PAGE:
ordeal of water
(originally posted 6/30/2013)
She heard it before she saw it and she was running before she knew. Knew or suspected or feared, she was running. When she finally saw the flashing lights she started to scream. Down the steps and onto the sand and then to the men surrounding her sister. Hard, professional men rattled by her scream and where it came from.
At the hospital she would cry and pick sand from her toes as she waited inconsolably. She was eleven. Her sister- surrounded and closed doors and pulled curtains away- was nine.
They were too late but not late enough. She was gone but still there on the bed, accompanied by the low hum of machines including the really expensive one that went “Ping!” The sound brought a small smile and her heart broke all over.
There were consultations and people huddling and conferring, offers of ice cream and advice on the need for her to sleep, but she sat next to her sister.
She wouldn’t leave her side. Not in some sweet, touching way; it was feral.
Eventually the drama was replaced by the reality of the situation and plans were made to move forward. Plans are always made with imperfect knowledge and a callous disregard for fate and these various plans being proposed were no different. Good intentions paving away to places unknown and terrible.
She hated the smell of the place. Her sister would have hated the smell of the place and the tubes and all the crying.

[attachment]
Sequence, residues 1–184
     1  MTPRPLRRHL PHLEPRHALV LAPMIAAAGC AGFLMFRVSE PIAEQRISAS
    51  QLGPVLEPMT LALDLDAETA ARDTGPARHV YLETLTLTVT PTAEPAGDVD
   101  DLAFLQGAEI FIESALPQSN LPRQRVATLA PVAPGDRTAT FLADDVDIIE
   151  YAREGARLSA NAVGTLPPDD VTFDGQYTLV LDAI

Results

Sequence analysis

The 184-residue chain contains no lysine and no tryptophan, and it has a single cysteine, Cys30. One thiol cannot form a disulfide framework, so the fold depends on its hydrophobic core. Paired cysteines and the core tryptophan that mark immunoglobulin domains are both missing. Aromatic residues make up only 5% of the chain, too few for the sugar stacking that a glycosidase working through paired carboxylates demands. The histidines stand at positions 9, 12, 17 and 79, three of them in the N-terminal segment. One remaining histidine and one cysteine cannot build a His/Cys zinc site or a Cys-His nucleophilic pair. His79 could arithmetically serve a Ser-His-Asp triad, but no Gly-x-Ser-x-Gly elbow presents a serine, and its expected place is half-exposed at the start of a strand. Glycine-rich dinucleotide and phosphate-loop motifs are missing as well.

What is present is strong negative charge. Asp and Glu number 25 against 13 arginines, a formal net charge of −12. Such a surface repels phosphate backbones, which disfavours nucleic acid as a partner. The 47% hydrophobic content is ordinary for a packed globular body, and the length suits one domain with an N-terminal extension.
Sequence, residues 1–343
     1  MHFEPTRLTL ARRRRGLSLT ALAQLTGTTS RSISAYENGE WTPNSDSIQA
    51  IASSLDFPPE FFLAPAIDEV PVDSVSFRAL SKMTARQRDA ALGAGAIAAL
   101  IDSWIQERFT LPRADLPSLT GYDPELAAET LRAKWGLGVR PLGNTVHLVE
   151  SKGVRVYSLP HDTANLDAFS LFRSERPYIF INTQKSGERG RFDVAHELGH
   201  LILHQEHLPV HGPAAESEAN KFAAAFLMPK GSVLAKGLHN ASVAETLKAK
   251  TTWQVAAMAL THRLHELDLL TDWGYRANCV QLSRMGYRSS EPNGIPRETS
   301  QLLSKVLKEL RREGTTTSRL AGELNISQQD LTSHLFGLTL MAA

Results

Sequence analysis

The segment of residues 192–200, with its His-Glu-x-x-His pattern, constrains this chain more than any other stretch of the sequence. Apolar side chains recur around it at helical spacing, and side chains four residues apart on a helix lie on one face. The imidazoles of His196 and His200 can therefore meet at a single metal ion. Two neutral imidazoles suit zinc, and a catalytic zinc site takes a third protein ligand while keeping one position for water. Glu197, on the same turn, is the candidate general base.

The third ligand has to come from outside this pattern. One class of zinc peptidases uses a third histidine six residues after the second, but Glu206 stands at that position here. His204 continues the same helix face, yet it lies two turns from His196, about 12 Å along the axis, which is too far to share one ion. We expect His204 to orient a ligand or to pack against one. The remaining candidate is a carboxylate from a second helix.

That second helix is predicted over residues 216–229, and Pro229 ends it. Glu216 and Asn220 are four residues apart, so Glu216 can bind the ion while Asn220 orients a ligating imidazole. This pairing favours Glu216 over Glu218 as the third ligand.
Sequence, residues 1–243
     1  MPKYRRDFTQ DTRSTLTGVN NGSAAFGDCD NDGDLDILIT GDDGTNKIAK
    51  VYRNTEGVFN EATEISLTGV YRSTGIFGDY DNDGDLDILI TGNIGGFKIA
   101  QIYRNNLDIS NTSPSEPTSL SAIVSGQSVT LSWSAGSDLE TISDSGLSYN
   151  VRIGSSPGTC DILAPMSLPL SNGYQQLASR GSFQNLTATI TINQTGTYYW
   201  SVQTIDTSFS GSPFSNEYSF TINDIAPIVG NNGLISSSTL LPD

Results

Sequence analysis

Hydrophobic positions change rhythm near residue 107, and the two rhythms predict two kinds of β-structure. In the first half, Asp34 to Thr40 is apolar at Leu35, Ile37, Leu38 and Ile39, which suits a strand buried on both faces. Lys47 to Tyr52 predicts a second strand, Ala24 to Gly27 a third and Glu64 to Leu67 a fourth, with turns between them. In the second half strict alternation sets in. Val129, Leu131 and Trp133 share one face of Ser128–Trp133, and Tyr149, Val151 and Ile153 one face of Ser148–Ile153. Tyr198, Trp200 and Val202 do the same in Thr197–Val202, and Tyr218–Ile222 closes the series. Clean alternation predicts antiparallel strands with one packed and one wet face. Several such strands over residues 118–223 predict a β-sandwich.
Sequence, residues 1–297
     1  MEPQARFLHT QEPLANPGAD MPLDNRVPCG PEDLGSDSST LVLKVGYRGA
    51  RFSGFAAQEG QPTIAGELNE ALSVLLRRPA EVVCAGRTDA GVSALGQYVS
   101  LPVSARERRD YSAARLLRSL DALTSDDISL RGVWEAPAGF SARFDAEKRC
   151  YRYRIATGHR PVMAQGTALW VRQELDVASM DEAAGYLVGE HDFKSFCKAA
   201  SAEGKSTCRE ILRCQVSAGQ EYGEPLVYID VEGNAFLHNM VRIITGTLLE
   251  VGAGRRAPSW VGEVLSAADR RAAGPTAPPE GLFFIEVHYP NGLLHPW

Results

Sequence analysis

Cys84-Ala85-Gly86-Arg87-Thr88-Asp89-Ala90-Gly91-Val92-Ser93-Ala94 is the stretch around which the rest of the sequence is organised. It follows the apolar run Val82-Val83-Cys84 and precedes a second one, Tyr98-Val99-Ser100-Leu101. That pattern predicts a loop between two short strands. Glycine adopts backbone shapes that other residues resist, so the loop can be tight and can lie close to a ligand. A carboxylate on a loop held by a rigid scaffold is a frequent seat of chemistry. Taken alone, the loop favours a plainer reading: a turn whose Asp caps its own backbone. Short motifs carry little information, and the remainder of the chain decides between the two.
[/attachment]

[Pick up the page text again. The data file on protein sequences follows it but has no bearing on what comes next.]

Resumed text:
“Please squeeze my hand back.”
Whenever she was left alone in the room she would crawl in bed next to her.
“Please don’t go.”
In the end, science is doing the best it can. We all are. Our efforts at understanding are a candle in the dark but sometimes that candle flickers and dances and threatens to go out. Sometimes it does and we learn all over again that darkness isn’t always a bad place to be.
She pressed her forehead against her sister’s. “Stop hiding in there. Come out,” she thought to her sister. “Remember when we would try and read each other’s minds?”
We started in darkness and after all this time we’re fireflies at best.
“You can’t leave.”
“Squeeze my hand.”
The machine that goes “Ping!” pinged.
“You remember too?”
“I didn’t understand why it was funny but the way you laughed at it made me laugh too.”
They walked in to find her in bed with her sister again.
“So you’re not leaving? You’ll stay here with me?”
The candle flickers and there is something to be learned again. Parlor tricks or evolution, psychosis or miracles. Chemical affinity or expensive machines that go “Ping!” getting it wrong.
A squeezed hand.
That song on her iPod.
The future’s open wide.